Reprint of "Boulder transport by the 2011 Great East Japan tsunami: Comprehensive field observations and whither model predictions?"

N. A.K. Nandasena, Norio Tanaka, Yasushi Sasaki, Masahiko Osada

Research output: Contribution to journalArticlepeer-review

7 Citations (Scopus)


Predicting the local size of a historic high-energy event from its boulders using numerical models is a challenging research topic. Modern high-energy events and their deposits are useful to validate these models; however, validating the accuracy of the results is difficult due to the scarcity of good datasets or the ambiguity of existing field data. Data on boulders transported by the 2011 Great East Japan tsunami at coastal sites (Settai, Taro, and Karakuwa) on the northeast coast of Japan were compiled. Pre-tsunami locations and settings and transport distances were found from evidence such as photographs, aerial images, and the testimony of survivors. The estimated weight of the boulders analyzed ranged from 11 to as much as 167. t, while the transport distance varied from a few to up to 600. m. Modeling results predicted that the minimum limit of maximum flow velocity of the tsunami at the pre-tsunami locations of the boulders varied from 4.2 to 6.8. m/s. The measured maximum flow depths at Settai (17-18. m) and Taro (14. m) were within the predicted range of flow depth when the Froude number. = 1.0-1.5. Numerical model estimates for an older boulder (285. t) in Settai indicate that it was probably transported by a historical tsunami (1611 Keicho Sanriku event?) which may have been similar to or bigger than that of the 2011 event in the area. The maximum flow velocity could not have been less than 6.1. m/s, and if the boulder was transported to the present location by rolling, the flow velocity must have been within 7.5-23.7. m/s. Following systematic validation, the numerical modeling of boulder transport is proving promising for reconstructing the local magnitude of historical, high-energy events. Further improvements can be made with additional high quality field data from modern high-energy events.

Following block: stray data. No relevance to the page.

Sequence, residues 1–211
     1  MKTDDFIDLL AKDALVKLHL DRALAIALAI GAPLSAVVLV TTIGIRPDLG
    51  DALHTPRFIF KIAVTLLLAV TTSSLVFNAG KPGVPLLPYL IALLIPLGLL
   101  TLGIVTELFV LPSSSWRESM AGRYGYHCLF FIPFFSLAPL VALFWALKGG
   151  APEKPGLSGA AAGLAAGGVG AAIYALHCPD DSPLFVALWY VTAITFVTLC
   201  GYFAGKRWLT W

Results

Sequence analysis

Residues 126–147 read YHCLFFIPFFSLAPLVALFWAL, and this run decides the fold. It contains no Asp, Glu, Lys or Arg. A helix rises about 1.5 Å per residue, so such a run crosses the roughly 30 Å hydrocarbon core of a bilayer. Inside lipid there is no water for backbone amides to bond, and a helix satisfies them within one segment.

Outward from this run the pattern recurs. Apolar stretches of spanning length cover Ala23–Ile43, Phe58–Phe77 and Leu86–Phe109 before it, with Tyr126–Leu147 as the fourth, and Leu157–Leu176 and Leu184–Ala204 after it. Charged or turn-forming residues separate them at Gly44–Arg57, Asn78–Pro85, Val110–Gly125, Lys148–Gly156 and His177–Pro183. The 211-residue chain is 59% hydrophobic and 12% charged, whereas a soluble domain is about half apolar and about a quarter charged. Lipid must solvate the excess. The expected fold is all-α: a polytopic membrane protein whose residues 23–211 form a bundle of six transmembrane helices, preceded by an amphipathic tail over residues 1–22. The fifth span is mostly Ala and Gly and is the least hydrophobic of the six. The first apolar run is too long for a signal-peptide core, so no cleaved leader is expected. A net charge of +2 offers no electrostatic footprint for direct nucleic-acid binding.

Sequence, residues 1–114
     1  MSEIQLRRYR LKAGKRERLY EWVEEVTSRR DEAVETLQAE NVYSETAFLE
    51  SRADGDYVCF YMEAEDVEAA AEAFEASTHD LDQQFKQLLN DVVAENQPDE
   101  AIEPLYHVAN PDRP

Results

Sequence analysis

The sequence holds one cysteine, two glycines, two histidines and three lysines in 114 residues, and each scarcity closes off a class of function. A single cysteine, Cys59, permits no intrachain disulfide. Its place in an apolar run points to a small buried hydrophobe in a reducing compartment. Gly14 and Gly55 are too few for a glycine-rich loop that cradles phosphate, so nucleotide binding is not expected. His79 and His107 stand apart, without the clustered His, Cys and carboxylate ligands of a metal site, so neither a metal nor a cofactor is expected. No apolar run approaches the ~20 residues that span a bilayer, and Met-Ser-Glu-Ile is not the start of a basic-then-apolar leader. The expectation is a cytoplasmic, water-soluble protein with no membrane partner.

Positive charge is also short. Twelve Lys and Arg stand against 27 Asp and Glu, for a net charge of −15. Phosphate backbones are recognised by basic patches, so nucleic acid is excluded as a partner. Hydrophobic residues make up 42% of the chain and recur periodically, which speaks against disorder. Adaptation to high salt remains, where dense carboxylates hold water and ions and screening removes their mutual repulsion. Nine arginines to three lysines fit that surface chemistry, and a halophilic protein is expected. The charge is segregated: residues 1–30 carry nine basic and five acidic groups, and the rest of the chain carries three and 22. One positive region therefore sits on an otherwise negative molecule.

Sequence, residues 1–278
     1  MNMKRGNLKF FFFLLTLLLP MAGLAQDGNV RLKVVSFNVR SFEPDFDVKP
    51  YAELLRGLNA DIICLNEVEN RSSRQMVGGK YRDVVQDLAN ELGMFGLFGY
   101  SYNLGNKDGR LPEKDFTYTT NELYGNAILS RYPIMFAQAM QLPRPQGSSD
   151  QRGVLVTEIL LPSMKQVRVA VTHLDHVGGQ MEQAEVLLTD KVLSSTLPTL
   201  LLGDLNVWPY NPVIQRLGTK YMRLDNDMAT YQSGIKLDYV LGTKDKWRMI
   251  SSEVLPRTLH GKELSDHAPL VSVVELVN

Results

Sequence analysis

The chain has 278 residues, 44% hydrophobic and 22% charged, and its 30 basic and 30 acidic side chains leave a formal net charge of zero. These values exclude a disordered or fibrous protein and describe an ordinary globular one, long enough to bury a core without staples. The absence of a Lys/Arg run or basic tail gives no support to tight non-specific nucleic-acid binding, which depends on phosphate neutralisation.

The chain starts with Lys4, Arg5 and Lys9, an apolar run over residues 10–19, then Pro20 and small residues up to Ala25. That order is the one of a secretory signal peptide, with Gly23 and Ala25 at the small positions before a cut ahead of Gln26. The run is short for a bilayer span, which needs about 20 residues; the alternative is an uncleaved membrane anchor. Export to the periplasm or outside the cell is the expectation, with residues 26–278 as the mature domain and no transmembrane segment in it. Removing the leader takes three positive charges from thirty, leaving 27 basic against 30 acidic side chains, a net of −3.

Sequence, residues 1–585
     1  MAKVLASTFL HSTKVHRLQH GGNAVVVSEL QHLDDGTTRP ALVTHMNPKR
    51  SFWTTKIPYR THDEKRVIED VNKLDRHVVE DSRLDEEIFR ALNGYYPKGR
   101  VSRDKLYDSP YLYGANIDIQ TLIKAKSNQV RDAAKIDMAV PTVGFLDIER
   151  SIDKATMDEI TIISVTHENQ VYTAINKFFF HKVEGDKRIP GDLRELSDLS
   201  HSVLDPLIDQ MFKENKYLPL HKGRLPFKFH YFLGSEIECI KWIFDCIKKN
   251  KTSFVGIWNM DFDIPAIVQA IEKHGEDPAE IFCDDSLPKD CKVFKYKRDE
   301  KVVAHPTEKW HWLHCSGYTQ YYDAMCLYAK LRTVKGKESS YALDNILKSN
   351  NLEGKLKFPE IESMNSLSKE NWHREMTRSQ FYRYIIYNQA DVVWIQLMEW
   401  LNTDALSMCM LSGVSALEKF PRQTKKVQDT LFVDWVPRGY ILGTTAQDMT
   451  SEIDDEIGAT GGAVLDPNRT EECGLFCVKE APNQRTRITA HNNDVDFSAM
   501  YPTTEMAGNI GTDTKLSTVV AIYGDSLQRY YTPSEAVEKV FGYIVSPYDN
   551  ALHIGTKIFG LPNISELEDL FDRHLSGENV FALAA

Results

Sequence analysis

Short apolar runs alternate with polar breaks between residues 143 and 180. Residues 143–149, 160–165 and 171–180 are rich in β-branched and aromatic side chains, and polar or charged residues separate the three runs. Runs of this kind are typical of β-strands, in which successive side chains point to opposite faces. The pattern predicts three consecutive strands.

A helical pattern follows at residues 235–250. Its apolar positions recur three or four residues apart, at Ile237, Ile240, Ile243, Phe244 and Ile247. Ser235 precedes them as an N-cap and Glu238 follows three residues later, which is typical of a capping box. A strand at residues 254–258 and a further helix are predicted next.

Original languageEnglish
Pages (from-to)49-66
Number of pages18
JournalMarine Geology
Publication statusPublished - Dec 1 2014
Externally publishedYes


  • Boulder
  • Flow velocity
  • Froude number
  • Japan
  • Modeling
  • Tsunami

ASJC Scopus subject areas

  • Oceanography
  • Geology
  • Geochemistry and Petrology


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